IT is stimulatingly evident, seeing an exhibition of John Walker's paintings or prints, that here is an English artist for whom the act and procedure of painting are themselves extremely enriching. ``I don't know,'' he once said, ``I just enjoy painting. . . .'' And he enjoys paint -- oil paint, specifically, and brush and canvas. But this love of means is saved from becoming a self-indulgence, or a trite pleasure in skill and technique, by his restless awareness that direct honesty must continually disrupt any comfortable tendency toward thoughtless habits of style.
He enjoys painting's manipulation and movement, its substance and evanescence, its capacity to suggest thick, deep shadow or shimmering surface light, its confrontation of the formless by the distinctly formed, its double-readings of space and solid, the opened and the closed. And he seems, with irrepressible intention, to find a constantly extending variety of ways to bring together two sides of painting that traditionally have not always successfully mixed.
They might be called the ``Beauty-and-Beast'' dichotomy: on the one hand the pleasurable, decorative possibilities of painting, the isolation and pursuit of visual felicity for its own interest and self-sufficient delight; and on the other hand, the brutal, even primitive, use of art as expression, as an assault on feelings, or a direct response to human emotion.
Walker's most recent work has taken him further than before into this second aspect of painting: Living and working in Australia, he has reacted startlingly to encounters with Oceanean cultural and tribal symbolism, fetish-magic, and ritual. But his slightly earlier work (represented here by a painting of 1980, and a print of 1981 which was shown in an exhibition at the Tate Gallery at the beginning of 1985) was, as yet, exploring themes developed within the boundaries of Western art.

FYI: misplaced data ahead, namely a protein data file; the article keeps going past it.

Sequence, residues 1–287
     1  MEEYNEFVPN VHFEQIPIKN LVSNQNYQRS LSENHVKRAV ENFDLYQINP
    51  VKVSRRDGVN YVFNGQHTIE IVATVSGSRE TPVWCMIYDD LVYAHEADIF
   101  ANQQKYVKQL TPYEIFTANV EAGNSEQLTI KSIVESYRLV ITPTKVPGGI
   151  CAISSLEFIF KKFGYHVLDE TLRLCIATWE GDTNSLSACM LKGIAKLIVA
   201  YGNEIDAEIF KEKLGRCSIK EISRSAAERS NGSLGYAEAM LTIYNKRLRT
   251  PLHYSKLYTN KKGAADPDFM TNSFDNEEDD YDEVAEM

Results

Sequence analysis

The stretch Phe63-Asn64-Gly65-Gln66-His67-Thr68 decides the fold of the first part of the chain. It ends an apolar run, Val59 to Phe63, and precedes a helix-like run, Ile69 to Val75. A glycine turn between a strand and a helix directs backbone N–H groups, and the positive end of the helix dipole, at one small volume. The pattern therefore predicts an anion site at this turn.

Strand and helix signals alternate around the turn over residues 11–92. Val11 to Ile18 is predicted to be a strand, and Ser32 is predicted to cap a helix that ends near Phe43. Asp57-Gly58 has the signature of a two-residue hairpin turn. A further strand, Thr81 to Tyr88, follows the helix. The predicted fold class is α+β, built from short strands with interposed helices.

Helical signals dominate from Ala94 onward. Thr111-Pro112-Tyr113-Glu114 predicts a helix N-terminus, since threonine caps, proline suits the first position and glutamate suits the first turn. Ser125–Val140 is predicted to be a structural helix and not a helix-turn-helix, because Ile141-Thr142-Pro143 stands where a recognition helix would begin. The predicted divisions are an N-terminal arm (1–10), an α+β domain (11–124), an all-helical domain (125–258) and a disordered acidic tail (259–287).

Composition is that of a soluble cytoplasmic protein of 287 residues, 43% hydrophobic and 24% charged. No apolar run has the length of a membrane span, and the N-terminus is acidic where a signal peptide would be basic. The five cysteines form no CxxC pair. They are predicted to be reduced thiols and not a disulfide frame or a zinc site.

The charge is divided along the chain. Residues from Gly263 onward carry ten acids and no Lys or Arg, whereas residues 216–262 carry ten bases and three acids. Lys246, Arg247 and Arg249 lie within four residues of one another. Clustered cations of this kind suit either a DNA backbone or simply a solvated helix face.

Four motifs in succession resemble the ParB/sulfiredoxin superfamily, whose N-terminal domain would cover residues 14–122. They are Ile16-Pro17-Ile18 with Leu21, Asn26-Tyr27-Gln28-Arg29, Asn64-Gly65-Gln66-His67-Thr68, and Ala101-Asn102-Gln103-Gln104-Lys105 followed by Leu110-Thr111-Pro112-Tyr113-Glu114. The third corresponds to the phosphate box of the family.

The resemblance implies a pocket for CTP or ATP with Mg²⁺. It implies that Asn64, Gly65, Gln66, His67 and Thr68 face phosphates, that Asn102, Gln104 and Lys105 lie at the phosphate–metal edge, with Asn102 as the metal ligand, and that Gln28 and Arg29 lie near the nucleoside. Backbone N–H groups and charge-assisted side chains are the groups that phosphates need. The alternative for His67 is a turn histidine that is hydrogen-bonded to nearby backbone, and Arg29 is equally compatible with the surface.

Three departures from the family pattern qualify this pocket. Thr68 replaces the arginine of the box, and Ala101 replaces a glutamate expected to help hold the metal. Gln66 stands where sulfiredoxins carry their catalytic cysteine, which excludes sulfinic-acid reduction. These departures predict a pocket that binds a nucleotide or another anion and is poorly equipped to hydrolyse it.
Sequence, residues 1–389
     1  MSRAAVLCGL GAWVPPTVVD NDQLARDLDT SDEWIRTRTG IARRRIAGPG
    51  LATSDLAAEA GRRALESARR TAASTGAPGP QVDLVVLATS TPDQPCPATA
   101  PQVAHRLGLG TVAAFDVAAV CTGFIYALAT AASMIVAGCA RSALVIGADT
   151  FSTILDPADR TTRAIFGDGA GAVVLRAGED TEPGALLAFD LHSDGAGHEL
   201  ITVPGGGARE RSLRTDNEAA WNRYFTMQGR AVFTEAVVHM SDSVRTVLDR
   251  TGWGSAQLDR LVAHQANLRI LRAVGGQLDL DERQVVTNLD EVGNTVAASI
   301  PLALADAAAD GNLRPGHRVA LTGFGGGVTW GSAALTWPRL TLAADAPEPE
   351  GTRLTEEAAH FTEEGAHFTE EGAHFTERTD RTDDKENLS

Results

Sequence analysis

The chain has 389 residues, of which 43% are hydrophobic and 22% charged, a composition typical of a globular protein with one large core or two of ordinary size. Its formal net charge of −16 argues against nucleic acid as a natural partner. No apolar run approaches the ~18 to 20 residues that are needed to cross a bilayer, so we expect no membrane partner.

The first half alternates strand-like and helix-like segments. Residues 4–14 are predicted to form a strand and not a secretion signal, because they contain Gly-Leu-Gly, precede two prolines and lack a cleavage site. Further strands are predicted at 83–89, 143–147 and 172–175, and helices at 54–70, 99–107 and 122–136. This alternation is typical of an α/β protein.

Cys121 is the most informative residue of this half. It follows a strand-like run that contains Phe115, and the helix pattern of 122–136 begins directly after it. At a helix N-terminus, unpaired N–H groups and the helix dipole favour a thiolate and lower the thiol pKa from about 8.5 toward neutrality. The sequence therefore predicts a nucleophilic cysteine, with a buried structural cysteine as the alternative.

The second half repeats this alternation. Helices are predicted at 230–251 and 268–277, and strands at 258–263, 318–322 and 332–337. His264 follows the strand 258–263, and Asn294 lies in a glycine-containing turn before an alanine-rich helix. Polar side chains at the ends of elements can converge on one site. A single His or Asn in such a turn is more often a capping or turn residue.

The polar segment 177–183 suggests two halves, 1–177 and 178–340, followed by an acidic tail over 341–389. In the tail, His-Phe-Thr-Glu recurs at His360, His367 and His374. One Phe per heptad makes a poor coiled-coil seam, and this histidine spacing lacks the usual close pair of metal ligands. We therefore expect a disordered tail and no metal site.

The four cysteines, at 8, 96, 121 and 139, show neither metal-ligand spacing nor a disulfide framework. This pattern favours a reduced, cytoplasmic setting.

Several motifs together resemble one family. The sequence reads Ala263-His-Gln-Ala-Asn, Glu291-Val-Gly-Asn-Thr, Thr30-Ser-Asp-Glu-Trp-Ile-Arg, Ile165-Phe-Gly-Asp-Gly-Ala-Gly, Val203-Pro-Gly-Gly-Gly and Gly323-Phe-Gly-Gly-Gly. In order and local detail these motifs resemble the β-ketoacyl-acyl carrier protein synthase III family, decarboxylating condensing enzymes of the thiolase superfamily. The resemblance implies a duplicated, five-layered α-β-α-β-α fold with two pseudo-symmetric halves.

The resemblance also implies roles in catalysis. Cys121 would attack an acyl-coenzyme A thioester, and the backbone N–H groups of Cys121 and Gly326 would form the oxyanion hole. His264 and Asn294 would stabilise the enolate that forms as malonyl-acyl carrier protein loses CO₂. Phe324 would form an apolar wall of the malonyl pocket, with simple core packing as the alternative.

Walker has not hidden in his work his inner ``conversations'' with past art. But he has utterly transformed this art, subjecting it to the exigencies of his own means and intuitions. That these two works can be said to have found their original points of departure in Goya and Vel'azquez (``No. 3 from Prahran'' using a motif that derives from Goya's portrait of the Duchess of Alba, and ``Labyrinth III'' relating to Vel'azquez' ``Las Meninas'') is possibly of more significance in Walker's thought p rocesses than it can be objectively to a viewer. He has not set up some game of cross-reference for us to play. The shapes and forms, and the painterly drama visualized for them by the artist, are now his own language and have little directly to do with those admired Spanish painters of the past.
Nor is it obvious that a painting by Jackson Pollock which Walker saw early in his career has also remained very relevant to his vision. It is significant, though, that Pollock shared with Goya and Vel'azquez a tendency toward a decorative play of paint over surfaces, and with Goya a turning from this ``beautiful'' side of art to show something of the nightmarish aspect of humanity. Walker is now similarly moving his paintings into a vivid blend of the exultant and the somber, of the animate and the in animate.
His shapes and forms are crucially related to his determination to paint with maximum power. They are his effective answer to a problem presented by the notion of ``abstract'' art: that the abstract is always in need of a ``motif'' -- is even weakened by a lack of it. Abstraction may have gained in self-sufficiency and in concentration on undistracted essences by abandoning ``representation'' and ``figuration,'' but it then still needed to find new ways of giving itself sufficient ``body.'' This i s a predicament particularly tested at the present time. But it is not something of which abstract painters have simply been unaware until now. In 1961, Roger Hilton observed that ``for an abstract painter there are two ways out or on: he must either give up painting and take up architecture, or he must reinvent figuration.''
John Walker has resoundingly not chosen to ``give up painting,'' and he is still basically an ``abstract'' painter. But he finds an area of considerable fruitfulness in the tentative forays an abstract painter might permit himself into the ``figurative,'' without resorting to merely storytelling fantasies, to parody, or even studio-contrived academics. Instead of a retreat to unadventurous traditionalism, he opts for ``reinvention'' -- or downright invention.